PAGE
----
Greek elections: Tsipras declares victory, thanks voters for ‘clear mandate’
A month after he resigned from his post as prime minister, a jubilant Alexis Tsipras declared victory in Greece’s snap elections Sunday.
Speaking to a crowd of cheering supporters in Athens, Tsipras said his Syriza party had been given a “clear mandate” at the polls.
“This result does not belong to Syriza. This result belongs to the working classes of this country, the people who fight for a better tomorrow, who dream of a better tomorrow,” Tsipras said, “and this is something that we will achieve through a lot of hard work.”
With more than 50% of votes counted, Syriza was emerging as a clear winner with 35.5% of the vote, according to preliminary elections results released by the Greek Interior Ministry. That would give Syriza 145 of the Greek Parliament’s 300 seats.
Panos Kammenos, the leader of the right-wing Independent Greeks party, told reporters that his party, which won 3.7% of the vote, would ally itself with Syriza to form a coalition. Together, they’d have enough seats to secure a majority in parliament.
Even before the final vote tally was announced, one thing was clear: The economically frail country doesn’t have time for a fresh round of political uncertainty.
‘Greece is not sustainable’
Athens needs a government to tackle its struggling economy, keep the bailout on track and try to deal with the challenge of thousands of migrants arriving on its shores.
Unless a new government gets to work quickly, Greece risks being unable to get more money from Europe. That would leave it unable to pay 3.2 billion euros ($3.8 billion) it owes to the International Monetary Fund later this year.
“Greece is not sustainable and the big issues are how far the program will go off track and how many eurozone members will join Germany in viewing missed targets as no longer a price worth paying,” said Gabriel Sterne, the head of global macro research at Oxford Economics.
The rescue agreed to in July with Europe — worth up to 86 billion euros ($97 billion) — prevented financial collapse and kept Greece in the euro.
New bailout, new elections
The leader of Greece’s opposition New Democracy party, which had argued it was better qualified to implement the measures called for by the latest bailout, conceded defeat Sunday as preliminary results of snap elections came in.
It was Syriza’s leader, Tsipras, who accepted the terms of the new bailout, disappointing many of his left-wing supporters.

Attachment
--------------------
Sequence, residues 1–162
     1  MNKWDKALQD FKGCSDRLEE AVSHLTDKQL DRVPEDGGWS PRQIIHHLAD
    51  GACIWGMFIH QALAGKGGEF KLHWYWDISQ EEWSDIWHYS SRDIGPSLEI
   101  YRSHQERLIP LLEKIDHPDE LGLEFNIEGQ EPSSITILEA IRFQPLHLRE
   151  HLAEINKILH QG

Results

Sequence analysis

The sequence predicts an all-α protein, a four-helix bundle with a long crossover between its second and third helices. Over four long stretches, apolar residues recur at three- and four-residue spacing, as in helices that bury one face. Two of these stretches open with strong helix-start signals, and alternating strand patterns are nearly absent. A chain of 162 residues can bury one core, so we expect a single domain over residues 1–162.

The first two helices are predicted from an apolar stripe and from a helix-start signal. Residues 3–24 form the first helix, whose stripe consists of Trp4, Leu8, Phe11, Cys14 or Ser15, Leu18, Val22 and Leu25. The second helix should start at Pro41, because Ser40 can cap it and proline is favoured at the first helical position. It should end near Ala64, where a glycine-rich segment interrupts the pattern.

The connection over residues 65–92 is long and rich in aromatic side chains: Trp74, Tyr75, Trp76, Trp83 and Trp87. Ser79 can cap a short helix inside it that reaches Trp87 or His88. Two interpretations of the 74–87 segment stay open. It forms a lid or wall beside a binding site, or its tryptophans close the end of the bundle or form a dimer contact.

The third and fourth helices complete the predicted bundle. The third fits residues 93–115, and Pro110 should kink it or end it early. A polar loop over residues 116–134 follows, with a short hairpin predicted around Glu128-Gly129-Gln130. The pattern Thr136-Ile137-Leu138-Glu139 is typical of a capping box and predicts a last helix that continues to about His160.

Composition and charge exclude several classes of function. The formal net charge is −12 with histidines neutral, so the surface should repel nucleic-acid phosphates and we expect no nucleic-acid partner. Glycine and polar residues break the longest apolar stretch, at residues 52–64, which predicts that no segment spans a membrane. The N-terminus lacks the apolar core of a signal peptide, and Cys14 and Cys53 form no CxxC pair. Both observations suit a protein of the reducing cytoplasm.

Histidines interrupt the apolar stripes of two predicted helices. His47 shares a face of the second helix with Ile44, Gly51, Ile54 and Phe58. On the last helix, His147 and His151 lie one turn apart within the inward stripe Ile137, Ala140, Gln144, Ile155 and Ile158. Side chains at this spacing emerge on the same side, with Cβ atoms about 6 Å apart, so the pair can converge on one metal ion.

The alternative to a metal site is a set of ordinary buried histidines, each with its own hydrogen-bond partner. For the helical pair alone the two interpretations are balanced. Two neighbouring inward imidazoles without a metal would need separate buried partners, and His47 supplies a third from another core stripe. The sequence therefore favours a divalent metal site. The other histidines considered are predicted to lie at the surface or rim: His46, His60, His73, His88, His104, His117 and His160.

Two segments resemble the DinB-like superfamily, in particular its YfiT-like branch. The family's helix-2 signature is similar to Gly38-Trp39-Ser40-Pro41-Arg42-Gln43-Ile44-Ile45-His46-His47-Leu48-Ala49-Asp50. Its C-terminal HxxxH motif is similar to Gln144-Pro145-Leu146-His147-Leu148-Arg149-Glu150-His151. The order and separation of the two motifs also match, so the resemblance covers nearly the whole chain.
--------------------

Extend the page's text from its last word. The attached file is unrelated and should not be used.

Tsipras became Prime Minister after winning elections in January with pledges to get some of Greece’s huge debt burden written off and roll back unpopular austerity measures.
But he was eventually forced to back down as EU leaders refused to budge and the Greek economy sank deeper into the mire.
After having to rely on opposition lawmakers to secure parliamentary approval for the rescue package, Tsipras resigned as Prime Minister last month and called for early elections. He said he wanted the Greek people’s support to take the reform program forward.
Economy expected to shrink
Regardless of the result, the IMF says Greece desperately needs “substantial” debt relief. Without it, the country may once again find itself unable to pay its bills in the long-term.
Europe has been unwilling to talk about that, saying the first review of Greece’s economic reforms takes precedence.
Meanwhile, Greece’s economy remains in a fragile state after the chaos of the summer.
Capital controls are still in place, its industrial base has shrunk, and unemployment has been hovering around 25%.
“We’ve seen a big drop in economic sentiment; we’ve seen big drops in imports and exports, so there’s likely to be a big slowdown in the economy,” Raoul Ruparel, a director of Open Europe, told CNN.
Greek GDP is expected to shrink by 2.3% this year and by 1.3% next year.
And the disruption brought about by yet another round of voting isn’t helping matters.
“Nothing is happening in the political sphere and that means nothing can happen in reforming the economy,” Ruparel said.
CNN’s Catherine E. Shoichet, Yasmin Amer, Vasco Cotovio and Isa Soares contributed to this report.
By Jethro Mullen, Ivana Kottasova and Elinda Labropoulou